Beau Willimon, however, cares about none of this. As he told Kai Ryssdal, not everyone at Netflix is awash in the same numbers - here are the figures that matter to him: 

Practically 0

...Willimon sees almost no data on "House of Cards." In his words: "I know virtually nothing."

Practically 0, redux

... and he doesn't want to see any data.

"Those numbers can lead to either forced choices that have nothing to do with the creative process, or, conversely, coming from the creative side, a form of pandering. Because you become obsessed with those numbers and try to cater to them. So, I don't have to deal with any of that... You can't get addicted to heroin if it's not available to you."

26 hours, guaranteed

Netflix made a big promise from the start: Two seasons, no matter what. 

"Knowing that I had 26 hours meant that I had a broad canvas I could paint on. I knew there were things I could lay in early on in season one that might not fully come back til the end of season two. So you could really delve deeper into characters. You don't feel rushed. You don't have to force big cliffhangers or jump the shark in order to try to make something dramatic happen unorganically, the way that some shows feel the pressure to, becasue they're in a ratings game week to week, fighting for their life. 

Infinite

...the amount of angst that goes into "House of Cards".

"All we really care about is the work we're trying to do that day. Trying to tell the best story we can... Constantly contending with our own sense of self-doubt and self-loathing, which is worse than any data set."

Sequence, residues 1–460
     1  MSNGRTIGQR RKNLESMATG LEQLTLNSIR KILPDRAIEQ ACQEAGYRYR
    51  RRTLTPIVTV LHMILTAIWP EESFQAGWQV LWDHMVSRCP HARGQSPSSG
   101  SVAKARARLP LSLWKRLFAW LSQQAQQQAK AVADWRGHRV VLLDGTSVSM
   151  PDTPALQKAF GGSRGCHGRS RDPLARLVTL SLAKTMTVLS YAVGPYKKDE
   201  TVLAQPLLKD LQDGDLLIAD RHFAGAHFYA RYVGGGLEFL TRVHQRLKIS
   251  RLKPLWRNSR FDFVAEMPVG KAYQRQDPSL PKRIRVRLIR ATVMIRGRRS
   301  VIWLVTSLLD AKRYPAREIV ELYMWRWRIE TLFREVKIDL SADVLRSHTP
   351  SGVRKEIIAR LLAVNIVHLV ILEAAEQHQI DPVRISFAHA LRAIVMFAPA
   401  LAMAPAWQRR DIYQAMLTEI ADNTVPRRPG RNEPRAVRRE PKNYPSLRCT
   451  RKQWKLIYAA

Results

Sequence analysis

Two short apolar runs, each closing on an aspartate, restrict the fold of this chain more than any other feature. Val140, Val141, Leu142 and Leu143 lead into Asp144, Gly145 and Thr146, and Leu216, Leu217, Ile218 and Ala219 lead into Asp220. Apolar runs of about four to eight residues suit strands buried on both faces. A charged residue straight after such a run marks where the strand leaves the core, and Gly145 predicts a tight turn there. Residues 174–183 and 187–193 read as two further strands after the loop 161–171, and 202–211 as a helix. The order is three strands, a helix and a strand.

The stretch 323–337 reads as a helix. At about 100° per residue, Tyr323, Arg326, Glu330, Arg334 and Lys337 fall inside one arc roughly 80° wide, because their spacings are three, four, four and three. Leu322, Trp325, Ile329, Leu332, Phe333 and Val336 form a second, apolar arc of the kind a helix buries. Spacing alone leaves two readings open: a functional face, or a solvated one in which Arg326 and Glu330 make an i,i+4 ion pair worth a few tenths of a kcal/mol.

At least 1

 ...piece of data he wouldn't share with us.

 No, he wouldn't give us a release date for "House of Cards" season three. 

‘Economic patriotism’: Rhetorical, not economic, policy

Wed, 2014-07-23 11:58

Recently, President Obama has been traveling around the country, trying to shift focus back onto the economy. We talked to him about that a few weeks ago, at the White House.

You may have noticed a refrain in some of the president’s most recent speeches. Here is an example from a speech he delivered in Denver: “That’s what makes this country great – a sense of common purpose and patriotism, an economic patriotism.”

President Obama may have cribbed that term from a speech by former Ohio Gov. Ted Strickland at the 2012 Democratic National Convention. He was talking about the Republican nominee for president, Mitt Romney.

“Mitt has so little economic patriotism that even his money needs a passport,” Strickland said. “It summers on the beaches of the Cayman Islands, and winters on the slopes of the Swiss Alps.”

Obama used the phrase in a TV ad soon after, and it became the title of the president’s economic plan. So, almost two years later, how does Strickland define “economic patriotism”?

“Companies, corporations, CEOs need to understand that this country has provided them, and continues to provide for them, the means to be successful,” he says.

“Economic patriotism” is more of a rhetorical device than an economic theory. There is no textbook definition. President Obama has used it to talk about infrastructure investment. Treasury Secretary Jack Lew used it in a letter to lawmakers about corporate taxation.

Economic historian Gavin Wright, who teaches at Stanford, suggests “economic patriotism” is a broad brush. It refers to appeals to make economic behavior or economic policy based on “American values.” And, he adds, that has happened throughout history.

“During the Cold War era, I don’t recall hearing the term ‘economic patriotism,’ but it was more or less taken as a given,” Wright says.

In the 1790s, Alexander Hamilton asked the government to support manufacturers. It was an appeal to a special interest group, Wright notes, “but he also thought that this would be essential for the credibility of the American economy, the American nation.”